Dealing with grief.

The face of grief, I assumed I would know it. We all felt grief, when in October Mr G’s father died – Grandad Toby. I thought we had all grieved. People had said that the children would handle it differently, that my 5-year-old would be oblivious to the loss, perhaps even insensitive to it. They were wrong.

E is a lively, bright 6-year-old. When we told him the news that Grandad Toby had died, he crumbled. He wept, and told me that he was so sad that he would never get to say “goodbye”. E cried for the loss of someone to share his chocolate cake with, a joke he always had with Grandad Toby, and I cried with him.


E and Yo became very close after Grandad Toby died. I think E found comfort in being able to wrap his arms around his younger sibling. I would hear E telling her stories that Grandad had shared with him. Yo at 2 doesn’t know that Grandad Toby has died, but she became hugely supportive to E when he needed her most.

Children and Grief

Since his death, we’ve talked about Grandad Toby, and why it is ok to talk about him and feel sad. We talk about the things we remember, we laugh about funny things which happened. E struggled with visiting Nanny for a while, things like Grandad’s slippers still sat by his chair, made E go quiet and just want to be held. As the weeks rolled on, Grandad Toby’s things have been rehomed, and just subtle touches of his life remain on display. E often looks at the stars in the sky and asks if Grandad can see him, and says he hopes that he can.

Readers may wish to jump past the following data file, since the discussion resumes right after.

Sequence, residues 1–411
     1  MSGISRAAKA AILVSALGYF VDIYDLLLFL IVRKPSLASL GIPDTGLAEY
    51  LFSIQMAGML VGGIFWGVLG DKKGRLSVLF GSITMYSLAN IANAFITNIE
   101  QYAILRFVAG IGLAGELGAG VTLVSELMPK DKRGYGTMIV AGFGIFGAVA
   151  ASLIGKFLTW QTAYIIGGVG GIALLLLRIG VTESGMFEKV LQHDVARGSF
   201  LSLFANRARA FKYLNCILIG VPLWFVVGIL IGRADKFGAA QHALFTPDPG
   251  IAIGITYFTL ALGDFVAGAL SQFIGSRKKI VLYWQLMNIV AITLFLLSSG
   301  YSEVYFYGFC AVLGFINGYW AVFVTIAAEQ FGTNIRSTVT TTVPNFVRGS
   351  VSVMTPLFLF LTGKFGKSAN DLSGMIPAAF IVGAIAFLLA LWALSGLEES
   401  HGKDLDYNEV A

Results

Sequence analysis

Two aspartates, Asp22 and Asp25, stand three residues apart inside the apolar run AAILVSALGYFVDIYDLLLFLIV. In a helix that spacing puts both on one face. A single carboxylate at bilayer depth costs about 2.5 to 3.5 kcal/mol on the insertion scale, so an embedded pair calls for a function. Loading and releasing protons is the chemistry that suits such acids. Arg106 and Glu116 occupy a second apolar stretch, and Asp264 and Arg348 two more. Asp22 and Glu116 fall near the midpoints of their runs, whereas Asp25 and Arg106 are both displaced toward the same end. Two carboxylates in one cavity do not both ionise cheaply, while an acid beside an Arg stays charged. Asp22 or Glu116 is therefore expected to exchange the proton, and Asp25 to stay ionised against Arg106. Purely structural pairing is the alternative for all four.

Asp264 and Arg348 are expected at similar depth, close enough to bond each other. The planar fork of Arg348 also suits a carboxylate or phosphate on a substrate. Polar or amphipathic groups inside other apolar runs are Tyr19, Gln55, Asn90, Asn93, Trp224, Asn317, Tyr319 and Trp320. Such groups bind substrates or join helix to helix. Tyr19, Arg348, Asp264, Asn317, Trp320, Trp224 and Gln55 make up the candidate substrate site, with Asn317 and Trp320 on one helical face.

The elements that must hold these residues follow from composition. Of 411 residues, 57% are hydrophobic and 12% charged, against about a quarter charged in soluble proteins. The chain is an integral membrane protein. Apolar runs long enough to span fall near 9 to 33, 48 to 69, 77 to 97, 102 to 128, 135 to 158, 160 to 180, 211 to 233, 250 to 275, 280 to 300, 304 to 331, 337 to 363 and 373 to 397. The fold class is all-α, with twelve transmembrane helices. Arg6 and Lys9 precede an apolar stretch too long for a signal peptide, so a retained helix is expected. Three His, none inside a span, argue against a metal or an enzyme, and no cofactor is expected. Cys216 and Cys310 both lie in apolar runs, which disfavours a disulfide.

B is 8, and his reaction to the death of Grandad Toby was very different. He seemed to just want to get on with things, and not to talk about it. He wanted to go straight back to school, and not to come to the funeral, all things we discussed and respected.

I’m (not) Ok!

As months have passed, B has begun to struggle. Subtle things like snapping at us when he is asked to do things made me wonder if he was ok. But life is complicated. If you asked him whether he was OK, B would shrug and say “yes, I’m just tired” and life continued. Then yesterday, he confessed after some careful questioning by his teacher, to missing Grandad Toby. I was actually quite relieved. He just wanted to deal with loss in his own way, but now, he wants us to help. It’s been a tough few months. Now, we start the process of helping our eldest, beautiful boy to grieve, and learn how to deal with his grief.



  • Sarah | Boo Roo and Tigger Too

    My husband’s Nanny died a few years ago and my oldest was very close to her. Even now if we talk about her she can remember the good times but then cries as she still misses her. We reassure her that it is OK to miss her and that she can come and talk to us about her whenever she wants.

  • Vi

    Thank you, it’s such a tough one isn’t it? Hate him being upset, but need to remember to remind him that it’s ok to be! xx